1. I understand dress codes but makeup?? It sounds archaic and more than a little sexist but I suppose if she signed the agreement she was consenting to Tje policy.

    • Well I guess so but it does seem a bit hard.
      By the way what does Tje mean? I have seen in on a couple of your replies and originally thought it was a typo.
      Judith

  2. I’d love to see what they require of their male employees. I bet the list isn’t quite so long. I think it is an employer’s right to insist on cleanliness and neatness and the degree of dressiness. For example, my husband needs to wear a jacket and tie to work every day, even though he can hang his jacket up and put it on if he has a meeting. When I was a teacher, I had to dress professionally, no jeans and athletic shoes, but I could wear nice slacks. Other than that, I think an employer should have no other expectations, especially when it comes to make-up.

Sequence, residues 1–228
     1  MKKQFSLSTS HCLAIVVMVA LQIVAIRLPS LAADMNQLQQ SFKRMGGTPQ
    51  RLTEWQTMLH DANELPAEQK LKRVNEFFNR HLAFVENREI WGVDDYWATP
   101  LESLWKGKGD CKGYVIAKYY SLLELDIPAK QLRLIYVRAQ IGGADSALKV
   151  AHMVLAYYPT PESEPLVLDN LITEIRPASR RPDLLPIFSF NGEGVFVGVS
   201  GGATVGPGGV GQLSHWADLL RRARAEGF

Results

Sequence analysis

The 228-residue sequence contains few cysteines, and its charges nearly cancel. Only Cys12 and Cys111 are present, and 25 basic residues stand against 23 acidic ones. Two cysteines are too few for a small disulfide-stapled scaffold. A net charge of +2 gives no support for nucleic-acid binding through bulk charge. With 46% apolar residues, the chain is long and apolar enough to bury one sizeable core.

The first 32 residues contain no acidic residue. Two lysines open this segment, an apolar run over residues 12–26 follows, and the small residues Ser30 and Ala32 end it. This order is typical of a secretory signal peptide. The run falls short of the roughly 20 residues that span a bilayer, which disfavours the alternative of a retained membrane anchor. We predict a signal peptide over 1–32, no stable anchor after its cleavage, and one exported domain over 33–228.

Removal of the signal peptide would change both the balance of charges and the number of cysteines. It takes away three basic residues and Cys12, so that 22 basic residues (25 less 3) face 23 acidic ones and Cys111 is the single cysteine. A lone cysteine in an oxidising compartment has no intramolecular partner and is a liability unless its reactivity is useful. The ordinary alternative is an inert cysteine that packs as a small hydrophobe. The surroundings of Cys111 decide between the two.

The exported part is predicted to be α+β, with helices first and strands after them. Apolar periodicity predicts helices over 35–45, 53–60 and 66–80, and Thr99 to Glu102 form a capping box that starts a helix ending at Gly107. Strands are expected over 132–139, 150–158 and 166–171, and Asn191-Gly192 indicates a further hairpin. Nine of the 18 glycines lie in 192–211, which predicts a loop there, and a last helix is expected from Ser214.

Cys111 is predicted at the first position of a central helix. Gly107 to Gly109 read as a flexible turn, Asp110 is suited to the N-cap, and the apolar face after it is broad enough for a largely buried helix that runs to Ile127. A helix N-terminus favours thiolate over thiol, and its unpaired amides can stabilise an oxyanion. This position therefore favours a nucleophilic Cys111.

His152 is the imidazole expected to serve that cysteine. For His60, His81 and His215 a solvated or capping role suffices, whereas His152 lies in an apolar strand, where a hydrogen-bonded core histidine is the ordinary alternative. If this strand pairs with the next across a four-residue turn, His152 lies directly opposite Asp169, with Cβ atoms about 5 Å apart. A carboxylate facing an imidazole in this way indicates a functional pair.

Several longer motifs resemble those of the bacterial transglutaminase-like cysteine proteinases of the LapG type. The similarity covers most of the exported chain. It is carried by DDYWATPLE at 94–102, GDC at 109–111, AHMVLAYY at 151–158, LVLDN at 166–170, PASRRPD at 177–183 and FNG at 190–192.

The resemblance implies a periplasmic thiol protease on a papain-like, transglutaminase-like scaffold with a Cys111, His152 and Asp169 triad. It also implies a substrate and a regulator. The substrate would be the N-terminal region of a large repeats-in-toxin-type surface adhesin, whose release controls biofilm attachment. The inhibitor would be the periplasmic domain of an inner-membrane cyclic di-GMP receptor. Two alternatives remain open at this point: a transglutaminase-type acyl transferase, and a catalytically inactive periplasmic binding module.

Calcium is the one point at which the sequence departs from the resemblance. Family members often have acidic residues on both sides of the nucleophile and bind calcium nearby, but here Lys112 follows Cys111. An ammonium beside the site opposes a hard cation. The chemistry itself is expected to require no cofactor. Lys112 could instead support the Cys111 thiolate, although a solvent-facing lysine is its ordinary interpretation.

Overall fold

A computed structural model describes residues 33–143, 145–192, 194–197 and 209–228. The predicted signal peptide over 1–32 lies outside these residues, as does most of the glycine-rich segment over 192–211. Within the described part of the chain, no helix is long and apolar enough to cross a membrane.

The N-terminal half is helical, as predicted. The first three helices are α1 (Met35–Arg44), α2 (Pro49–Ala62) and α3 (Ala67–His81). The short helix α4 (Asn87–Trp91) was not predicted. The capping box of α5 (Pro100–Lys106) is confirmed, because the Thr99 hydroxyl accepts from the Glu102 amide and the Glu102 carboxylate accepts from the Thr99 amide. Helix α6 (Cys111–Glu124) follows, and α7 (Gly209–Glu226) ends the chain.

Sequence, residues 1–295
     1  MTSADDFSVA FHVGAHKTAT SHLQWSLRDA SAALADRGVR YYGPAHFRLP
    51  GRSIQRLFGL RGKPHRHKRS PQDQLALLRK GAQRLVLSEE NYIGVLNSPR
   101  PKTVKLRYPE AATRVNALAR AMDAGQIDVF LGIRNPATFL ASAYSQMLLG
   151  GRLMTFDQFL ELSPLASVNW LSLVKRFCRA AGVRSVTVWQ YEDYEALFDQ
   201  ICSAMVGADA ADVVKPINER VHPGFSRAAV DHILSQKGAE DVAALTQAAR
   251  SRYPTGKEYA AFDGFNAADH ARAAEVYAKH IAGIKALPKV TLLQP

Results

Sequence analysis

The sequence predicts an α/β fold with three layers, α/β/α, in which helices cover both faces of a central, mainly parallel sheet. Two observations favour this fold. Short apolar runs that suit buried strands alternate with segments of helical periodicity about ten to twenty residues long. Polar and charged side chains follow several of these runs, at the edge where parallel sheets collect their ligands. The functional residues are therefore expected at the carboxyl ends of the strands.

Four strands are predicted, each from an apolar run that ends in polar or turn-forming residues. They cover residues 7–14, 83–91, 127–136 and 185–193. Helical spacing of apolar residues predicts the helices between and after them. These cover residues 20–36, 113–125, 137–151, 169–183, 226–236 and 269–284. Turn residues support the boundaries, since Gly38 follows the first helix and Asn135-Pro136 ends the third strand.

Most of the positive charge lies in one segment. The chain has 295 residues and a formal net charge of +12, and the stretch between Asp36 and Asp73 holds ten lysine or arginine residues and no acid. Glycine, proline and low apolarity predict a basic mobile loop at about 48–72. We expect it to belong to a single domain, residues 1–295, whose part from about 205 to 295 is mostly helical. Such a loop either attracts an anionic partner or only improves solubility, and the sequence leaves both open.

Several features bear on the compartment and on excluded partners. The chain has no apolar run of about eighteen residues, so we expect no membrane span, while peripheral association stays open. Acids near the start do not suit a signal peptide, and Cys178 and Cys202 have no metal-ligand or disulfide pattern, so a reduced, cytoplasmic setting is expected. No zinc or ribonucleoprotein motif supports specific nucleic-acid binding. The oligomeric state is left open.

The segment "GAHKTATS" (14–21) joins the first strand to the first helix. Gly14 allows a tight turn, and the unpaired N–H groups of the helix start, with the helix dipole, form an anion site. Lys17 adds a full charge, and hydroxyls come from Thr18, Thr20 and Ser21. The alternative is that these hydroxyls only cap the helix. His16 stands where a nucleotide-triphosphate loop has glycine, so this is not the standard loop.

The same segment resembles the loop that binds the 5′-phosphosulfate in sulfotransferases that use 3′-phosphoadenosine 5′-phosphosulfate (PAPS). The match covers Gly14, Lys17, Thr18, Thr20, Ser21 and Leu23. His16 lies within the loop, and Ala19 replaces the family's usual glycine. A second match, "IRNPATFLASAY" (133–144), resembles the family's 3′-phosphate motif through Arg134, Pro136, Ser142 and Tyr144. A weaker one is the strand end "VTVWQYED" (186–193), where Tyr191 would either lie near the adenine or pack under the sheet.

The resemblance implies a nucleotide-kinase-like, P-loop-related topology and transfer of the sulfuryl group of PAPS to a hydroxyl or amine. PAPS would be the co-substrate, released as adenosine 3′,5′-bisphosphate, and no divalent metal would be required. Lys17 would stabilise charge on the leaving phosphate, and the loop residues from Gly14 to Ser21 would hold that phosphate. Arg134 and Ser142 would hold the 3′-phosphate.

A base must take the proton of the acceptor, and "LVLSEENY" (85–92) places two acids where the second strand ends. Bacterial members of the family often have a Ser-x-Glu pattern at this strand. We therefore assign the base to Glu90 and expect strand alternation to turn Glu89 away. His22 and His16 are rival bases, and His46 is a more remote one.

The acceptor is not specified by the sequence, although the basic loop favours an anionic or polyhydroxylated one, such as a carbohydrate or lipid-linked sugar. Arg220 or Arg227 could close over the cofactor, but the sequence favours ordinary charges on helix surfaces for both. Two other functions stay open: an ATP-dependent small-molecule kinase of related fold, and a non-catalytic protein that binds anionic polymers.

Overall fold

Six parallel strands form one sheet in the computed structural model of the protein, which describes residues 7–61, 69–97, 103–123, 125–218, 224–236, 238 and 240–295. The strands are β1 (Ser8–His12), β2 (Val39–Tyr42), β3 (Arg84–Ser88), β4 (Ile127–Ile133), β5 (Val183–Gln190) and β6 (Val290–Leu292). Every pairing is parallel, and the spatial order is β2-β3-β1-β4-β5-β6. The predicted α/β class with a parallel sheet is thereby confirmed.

• I agree that the employer should not have expectations about makeup, but here in NZ every employee has a contract and if this girl had such a contract and had signed it acknowledging the dress code, then she really doesn’t have room for complaint. She should instead of leaving, been working towards getting the make-up requirement removed from the dress code.
      Well that’s my take on it.

  3. It is a typo Judith..darn iPad just writes what it wants! LOL

  4. If she’s been working there for 5 years and has been a model employee, I’m sure there is more to this story.

    • Yes Tom and as said to Susan if she had a contract and acknowledged the dress code requirement she really doesn’t have much of a leg to stand on.